Howard Green, regenerative medicine pioneer, dies at 90

Developed first therapeutic use of cultured cells

Photo by Gintaras Sekmokas

Photo by Gintaras Sekmokas

Howard Green, the George Higginson Professor of Cell Biology Emeritus at Harvard Medical School, a pioneer in the science of skin regeneration, died on Oct. 31 at the age of 90 after having served HMS for 35 years.

Green was credited with developing the first therapeutic application of cultured cells, using keratinocytes for the regeneration of epidermis on severely burned patients. The first large-scale, life-saving use of this procedure was demonstrated with cells grown in Green’s laboratory.

Green was appointed head of the Department of Cellular and Molecular Physiology at HMS in 1980, and served in that role until 1993.

Tools at Hand

Early in his career, in the mid-1970s, Green was studying unusual tumors, teratomas, in his lab at MIT. James Rheinwald, a graduate student, noticed that some mouse teratomas generated colonies of cells resembling epithelial tissue, which lines the surfaces of structures throughout the body. At the time, epithelial cells could not be cultured in laboratories.

The colonies were growing on beds of connective tissue cells called fibroblasts. The scientific literature indicated that such “feeder” cells often help other cells proliferate.

Green had previously developed a line of fibroblast cells called 3T3, so he had tools at hand for an experiment. Green and Rheinwald, now an HMS associate professor of dermatology at Brigham and Women’s Hospital, isolated epithelial cells from the tumor and added 3T3 cells, which were first treated with radiation to keep them from growing and competing with the epithelial cells.

Colonies formed, with structures resembling the outer layer of the skin, or epidermis. The team had succeeded in replicating keratinocytes, the basic building blocks of the epidermis.

Video: Alyssa Kneller

Survival Platform

Early applications proved effective in the clinic, but the findings were put to the test in 1983 when Boston’s Shriners Burn Hospital for Children admitted two young brothers who had burns covering 97 and 98 percent of their bodies.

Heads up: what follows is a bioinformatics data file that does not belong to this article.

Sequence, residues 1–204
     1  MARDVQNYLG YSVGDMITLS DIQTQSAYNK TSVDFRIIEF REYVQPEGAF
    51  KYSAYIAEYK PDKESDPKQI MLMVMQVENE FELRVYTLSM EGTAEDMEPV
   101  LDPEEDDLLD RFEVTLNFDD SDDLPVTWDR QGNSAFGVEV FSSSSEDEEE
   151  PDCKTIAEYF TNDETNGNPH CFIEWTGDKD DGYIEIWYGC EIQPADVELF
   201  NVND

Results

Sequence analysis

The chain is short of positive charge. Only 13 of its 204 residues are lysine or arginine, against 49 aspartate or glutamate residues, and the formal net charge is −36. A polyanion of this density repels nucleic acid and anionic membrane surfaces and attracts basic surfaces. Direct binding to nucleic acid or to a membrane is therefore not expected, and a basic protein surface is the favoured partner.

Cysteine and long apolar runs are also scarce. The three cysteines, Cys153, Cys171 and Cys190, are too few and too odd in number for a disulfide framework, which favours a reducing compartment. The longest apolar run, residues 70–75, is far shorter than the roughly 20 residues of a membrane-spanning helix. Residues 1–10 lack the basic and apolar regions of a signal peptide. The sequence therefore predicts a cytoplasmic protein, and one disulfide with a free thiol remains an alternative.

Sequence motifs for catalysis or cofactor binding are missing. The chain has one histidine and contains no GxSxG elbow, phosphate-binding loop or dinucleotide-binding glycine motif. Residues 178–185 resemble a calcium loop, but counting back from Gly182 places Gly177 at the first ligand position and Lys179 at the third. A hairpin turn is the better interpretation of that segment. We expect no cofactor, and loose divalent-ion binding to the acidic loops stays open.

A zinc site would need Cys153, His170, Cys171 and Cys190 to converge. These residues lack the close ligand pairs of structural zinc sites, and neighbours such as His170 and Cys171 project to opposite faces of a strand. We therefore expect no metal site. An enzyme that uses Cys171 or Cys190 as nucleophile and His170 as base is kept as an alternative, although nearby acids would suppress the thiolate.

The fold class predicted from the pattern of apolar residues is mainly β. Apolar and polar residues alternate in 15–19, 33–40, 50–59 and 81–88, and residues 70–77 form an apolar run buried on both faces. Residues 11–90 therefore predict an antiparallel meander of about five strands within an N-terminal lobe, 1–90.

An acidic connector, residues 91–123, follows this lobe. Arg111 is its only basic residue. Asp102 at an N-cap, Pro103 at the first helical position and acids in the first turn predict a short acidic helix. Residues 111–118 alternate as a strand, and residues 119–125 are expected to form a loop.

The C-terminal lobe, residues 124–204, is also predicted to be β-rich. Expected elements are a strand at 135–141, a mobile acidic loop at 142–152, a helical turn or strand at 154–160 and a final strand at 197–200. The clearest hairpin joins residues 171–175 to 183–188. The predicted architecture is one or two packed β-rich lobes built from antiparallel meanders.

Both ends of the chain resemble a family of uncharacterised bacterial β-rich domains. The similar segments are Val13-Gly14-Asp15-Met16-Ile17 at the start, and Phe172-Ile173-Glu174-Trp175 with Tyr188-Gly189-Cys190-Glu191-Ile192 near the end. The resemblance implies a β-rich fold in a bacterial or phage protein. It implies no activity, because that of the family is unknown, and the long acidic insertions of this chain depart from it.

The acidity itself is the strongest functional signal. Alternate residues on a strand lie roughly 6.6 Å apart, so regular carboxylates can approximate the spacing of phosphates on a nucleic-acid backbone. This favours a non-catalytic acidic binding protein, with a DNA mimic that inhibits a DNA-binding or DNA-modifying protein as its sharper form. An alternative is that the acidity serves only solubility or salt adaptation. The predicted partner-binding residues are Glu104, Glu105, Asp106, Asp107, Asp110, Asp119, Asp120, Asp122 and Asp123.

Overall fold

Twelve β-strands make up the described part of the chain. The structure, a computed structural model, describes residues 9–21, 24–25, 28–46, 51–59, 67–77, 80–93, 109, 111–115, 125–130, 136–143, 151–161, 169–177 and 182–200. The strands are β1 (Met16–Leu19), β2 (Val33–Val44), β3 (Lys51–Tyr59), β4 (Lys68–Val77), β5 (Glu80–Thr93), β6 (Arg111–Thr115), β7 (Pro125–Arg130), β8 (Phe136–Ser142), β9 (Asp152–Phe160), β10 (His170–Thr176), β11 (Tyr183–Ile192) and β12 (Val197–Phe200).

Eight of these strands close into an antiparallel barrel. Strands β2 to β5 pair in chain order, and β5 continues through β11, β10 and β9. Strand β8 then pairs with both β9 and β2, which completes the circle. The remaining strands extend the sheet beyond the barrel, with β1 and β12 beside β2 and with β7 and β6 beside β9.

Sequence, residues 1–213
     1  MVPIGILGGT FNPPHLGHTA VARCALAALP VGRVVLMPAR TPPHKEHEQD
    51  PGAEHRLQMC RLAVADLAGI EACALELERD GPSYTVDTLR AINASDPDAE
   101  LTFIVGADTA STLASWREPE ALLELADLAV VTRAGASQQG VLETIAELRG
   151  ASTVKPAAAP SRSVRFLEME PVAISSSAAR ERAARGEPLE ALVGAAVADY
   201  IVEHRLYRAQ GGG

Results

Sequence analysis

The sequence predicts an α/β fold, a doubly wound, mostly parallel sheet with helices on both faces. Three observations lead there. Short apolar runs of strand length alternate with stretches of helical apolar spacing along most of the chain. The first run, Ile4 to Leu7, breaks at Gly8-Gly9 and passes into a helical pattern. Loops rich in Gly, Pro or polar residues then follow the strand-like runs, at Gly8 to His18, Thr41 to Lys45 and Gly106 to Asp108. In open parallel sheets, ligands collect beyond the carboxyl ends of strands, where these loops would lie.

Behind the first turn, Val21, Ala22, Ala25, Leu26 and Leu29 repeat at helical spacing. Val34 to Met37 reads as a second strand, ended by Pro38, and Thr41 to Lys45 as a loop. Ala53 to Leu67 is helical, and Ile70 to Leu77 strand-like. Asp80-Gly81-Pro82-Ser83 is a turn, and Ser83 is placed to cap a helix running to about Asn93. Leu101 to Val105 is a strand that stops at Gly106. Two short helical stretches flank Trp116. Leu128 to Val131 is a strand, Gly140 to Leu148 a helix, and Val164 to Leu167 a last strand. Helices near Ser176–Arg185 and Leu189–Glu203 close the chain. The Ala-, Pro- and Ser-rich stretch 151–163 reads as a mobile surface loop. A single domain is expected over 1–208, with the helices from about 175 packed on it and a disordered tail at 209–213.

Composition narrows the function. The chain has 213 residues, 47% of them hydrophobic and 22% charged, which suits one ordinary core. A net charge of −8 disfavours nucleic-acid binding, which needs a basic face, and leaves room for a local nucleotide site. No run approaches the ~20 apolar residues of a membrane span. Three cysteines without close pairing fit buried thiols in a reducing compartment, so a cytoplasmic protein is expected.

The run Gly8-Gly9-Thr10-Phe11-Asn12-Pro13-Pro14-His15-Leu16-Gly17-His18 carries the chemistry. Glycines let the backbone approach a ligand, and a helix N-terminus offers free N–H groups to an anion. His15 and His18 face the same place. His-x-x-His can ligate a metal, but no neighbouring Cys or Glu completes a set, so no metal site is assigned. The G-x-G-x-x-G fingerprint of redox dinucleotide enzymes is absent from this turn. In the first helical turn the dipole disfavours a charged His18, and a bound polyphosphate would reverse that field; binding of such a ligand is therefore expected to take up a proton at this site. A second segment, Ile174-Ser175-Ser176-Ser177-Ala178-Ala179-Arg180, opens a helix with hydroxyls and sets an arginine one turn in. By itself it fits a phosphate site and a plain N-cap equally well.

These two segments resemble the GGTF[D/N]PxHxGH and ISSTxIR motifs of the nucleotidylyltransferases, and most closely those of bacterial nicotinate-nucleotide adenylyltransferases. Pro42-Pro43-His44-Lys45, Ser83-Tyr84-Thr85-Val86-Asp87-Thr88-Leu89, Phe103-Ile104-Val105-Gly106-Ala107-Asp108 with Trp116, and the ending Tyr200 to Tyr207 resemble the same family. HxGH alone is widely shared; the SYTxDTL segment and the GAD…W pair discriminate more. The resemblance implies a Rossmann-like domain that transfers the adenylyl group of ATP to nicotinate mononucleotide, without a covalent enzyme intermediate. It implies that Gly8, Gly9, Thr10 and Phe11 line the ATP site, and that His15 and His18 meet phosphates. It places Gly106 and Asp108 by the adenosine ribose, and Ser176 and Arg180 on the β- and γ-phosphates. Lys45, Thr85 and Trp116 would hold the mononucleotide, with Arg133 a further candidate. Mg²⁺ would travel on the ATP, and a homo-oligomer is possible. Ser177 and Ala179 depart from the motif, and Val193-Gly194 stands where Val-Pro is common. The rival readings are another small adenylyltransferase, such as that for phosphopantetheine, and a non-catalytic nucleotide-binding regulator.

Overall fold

By that time, Green had moved to HMS. His lab, housed in a building dedicated to basic science, was transformed into a skin-manufacturing facility, and his postdoctoral researchers moonlighted as epithelium engineers. Because of their efforts, the boys survived.

The skin-building platform was further developed and today many dozens of burn victims are treated with grafts based on Green’s methods.

Eventually, Green realized the role adult stem cells play in the culturing process. Some keratinocytes can divide repeatedly without becoming specialized. These are now known as adult stem cells and Green’s colonies languished without them.

Green had inadvertently developed a method for growing skin stem cells outside the body.

Scientists later discovered that they could keep other types of stem cells alive by following Green’s example and cultivating them alongside fibroblasts. Researchers can now grow corneal stem cells, for example, which are used to restore sight in eyes that have been damaged by chemical burns.

The entire embryonic stem cell field is rooted in Green’s findings.

In recognition of his contributions to stem cell science, and his role in the creation of the field of regenerative medicine, Green was named a member of the National Academy of Sciences, and the American Academy of Arts and Sciences. He received numerous prestigious awards in basic, clinical and translational research, including the 2010 Warren Alpert Foundation Prize.